The Language of Social Change

Inspiring Positive Social Change 2017 > Community Peacebuilding > Communications & Media
Broadcast on July 11, 2017
With George Lakoff

Join renowned linguist and social thinker George Lakoff as he reports on the neural basis of the metaphorical frames through which people see their political choices. Understanding people's unique lenses can explain the otherwise puzzling divides between "red" and "blue" voters.

During this fascinating session, you'll discover:

  • Why so many red voters go against what is in fact their own best interests — & even their values  
  • That most thinking is caused by neural patterns in the brain created by childhood experiences

George Lakoff

During the 1980’s, George Lakoff was asked by various institutions to study various social and political questions from a cognitive linguistics perspective. In late 1990, just before the start of the Gulf War, he wrote Metaphor and War, analyzing the metaphors of both George H.W. Bush and Saddam Hussein, revealing a metaphor conflict that ruled out any compromise. The paper, which could not be published in the normal media, became the first paper on politics to encircle the globe via the internet.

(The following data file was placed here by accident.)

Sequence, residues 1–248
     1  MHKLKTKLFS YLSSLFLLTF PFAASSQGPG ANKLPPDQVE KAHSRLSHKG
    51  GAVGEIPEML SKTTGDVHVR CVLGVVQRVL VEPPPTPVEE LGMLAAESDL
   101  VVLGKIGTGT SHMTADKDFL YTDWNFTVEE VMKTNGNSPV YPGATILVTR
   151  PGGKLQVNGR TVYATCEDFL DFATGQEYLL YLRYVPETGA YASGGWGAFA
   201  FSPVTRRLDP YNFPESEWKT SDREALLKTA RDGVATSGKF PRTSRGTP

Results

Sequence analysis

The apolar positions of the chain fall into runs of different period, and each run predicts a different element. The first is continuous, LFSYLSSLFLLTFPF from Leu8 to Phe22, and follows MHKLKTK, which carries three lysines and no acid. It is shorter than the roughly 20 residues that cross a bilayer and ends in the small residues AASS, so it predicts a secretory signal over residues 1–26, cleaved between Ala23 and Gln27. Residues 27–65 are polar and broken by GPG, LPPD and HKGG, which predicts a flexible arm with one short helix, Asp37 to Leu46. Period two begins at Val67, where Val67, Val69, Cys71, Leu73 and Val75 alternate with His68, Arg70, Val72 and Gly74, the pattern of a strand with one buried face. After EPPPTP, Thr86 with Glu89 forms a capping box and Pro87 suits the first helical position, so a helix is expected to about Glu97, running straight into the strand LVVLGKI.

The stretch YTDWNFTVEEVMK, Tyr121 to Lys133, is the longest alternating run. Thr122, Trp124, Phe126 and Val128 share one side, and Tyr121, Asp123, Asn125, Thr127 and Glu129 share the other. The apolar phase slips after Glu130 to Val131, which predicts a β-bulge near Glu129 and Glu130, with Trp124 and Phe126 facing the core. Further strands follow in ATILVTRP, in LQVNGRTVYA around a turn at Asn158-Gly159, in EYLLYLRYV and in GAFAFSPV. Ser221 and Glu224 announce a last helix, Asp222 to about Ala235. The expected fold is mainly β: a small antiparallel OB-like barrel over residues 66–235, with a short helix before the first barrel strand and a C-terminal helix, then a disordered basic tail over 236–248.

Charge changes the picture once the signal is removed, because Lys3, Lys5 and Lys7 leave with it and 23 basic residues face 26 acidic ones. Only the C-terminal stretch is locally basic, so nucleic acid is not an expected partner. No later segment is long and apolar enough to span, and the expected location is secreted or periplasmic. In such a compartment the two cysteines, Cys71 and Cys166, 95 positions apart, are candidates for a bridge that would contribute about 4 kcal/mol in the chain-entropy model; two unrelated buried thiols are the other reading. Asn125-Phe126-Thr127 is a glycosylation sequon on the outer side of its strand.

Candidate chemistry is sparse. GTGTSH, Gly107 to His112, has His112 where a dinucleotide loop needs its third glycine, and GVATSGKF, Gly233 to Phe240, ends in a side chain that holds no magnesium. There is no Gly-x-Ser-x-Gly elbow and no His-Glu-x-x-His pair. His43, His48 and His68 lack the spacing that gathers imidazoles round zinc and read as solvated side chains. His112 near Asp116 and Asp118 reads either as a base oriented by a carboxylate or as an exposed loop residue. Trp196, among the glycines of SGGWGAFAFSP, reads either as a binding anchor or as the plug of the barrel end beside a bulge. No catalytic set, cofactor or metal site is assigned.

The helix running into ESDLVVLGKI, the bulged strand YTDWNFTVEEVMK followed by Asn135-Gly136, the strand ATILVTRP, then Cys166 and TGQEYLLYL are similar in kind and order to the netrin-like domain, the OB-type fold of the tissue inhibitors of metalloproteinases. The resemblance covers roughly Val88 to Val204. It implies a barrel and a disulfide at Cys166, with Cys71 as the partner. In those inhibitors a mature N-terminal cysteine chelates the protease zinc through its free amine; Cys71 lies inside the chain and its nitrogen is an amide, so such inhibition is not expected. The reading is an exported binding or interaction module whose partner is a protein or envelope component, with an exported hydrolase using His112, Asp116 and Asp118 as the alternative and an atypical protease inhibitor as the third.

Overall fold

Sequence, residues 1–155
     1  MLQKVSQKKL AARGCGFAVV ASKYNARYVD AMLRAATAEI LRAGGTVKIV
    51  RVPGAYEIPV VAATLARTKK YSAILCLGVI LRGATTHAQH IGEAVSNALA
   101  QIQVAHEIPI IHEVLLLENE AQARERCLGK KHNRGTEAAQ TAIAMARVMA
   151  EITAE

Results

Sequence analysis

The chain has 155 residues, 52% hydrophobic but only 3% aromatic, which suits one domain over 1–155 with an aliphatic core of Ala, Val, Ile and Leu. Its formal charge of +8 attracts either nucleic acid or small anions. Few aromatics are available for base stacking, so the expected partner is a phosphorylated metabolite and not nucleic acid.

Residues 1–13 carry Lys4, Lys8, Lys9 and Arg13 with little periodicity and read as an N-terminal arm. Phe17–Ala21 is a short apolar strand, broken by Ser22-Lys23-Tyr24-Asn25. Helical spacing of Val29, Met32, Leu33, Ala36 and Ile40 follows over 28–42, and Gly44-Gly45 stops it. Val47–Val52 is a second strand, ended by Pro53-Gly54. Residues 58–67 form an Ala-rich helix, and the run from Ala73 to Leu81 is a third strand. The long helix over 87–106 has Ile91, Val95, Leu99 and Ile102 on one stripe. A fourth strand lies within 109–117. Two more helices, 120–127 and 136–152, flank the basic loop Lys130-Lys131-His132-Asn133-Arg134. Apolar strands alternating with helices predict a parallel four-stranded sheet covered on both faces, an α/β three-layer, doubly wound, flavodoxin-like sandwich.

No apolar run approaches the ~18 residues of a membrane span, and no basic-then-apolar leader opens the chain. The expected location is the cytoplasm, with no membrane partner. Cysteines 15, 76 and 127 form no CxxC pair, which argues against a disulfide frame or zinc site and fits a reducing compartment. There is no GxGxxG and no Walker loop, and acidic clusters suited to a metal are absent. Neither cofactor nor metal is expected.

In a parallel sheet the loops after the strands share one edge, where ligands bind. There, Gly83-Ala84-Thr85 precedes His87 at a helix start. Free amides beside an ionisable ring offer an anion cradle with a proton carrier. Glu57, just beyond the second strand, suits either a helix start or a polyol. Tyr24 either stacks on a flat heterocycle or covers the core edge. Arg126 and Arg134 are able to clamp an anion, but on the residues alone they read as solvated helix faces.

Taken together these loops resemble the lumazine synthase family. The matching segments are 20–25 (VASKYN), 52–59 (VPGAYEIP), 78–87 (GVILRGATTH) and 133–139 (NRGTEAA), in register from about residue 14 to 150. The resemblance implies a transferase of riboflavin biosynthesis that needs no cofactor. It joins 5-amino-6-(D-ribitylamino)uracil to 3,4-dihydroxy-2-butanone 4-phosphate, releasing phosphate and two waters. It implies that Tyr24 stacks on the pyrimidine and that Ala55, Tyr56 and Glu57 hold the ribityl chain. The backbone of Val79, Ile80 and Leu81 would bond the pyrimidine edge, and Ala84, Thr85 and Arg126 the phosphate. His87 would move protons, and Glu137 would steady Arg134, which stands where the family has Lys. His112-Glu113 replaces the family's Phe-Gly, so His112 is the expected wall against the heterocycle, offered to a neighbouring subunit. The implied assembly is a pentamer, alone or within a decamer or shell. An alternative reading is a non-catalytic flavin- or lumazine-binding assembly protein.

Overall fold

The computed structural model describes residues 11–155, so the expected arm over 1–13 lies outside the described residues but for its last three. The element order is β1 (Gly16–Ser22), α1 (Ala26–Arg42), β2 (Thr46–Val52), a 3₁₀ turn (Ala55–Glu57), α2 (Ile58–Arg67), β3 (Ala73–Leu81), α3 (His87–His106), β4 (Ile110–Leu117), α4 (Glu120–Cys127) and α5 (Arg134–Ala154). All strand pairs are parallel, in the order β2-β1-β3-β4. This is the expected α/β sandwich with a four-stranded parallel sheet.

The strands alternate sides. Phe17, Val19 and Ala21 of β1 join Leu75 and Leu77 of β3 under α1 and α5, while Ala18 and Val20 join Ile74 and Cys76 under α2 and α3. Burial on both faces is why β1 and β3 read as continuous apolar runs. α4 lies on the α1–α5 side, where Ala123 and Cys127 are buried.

In 1996, he published Moral Politics, which demonstrated that the worldview difference arose from the application of the widespread Nation-as-Family metaphor to two different idealized views of the family — a strict father family for conservatism and a nurturant parent family for liberalism.

Moral Politics was widely read, and led in 1997 to the formation of a small think tank, the Rockridge Institute, in which George joined with seven University of California colleagues in the social sciences. George began popularizing the application of morally-based conceptual frames in politics, analyzing why conservatives were outdoing liberals and how they might do better at communicating their moral views and positions on issues. 

In 2002, George published a second edition of Moral Politics, critiquing the Gore campaign of 2000 and analyzing Bush’s success. It also led to grants for the Rockridge Institute, which put out a large number of framing studies between 2003 and 2008. During that period, George wrote four books on politics: Don’t Think of an Elephant! (2004), Whose Freedom? (2006). Thinking Points (with the Rockridge staff, 2006), and The Political Mind (2008). Those books fleshed out in detail the analysis done in Moral Politics, adding crucial details.

The Rockridge Institute closed in 2008, having done studies on the framing of a large range of issues, mostly in the years between 2002 and 2008.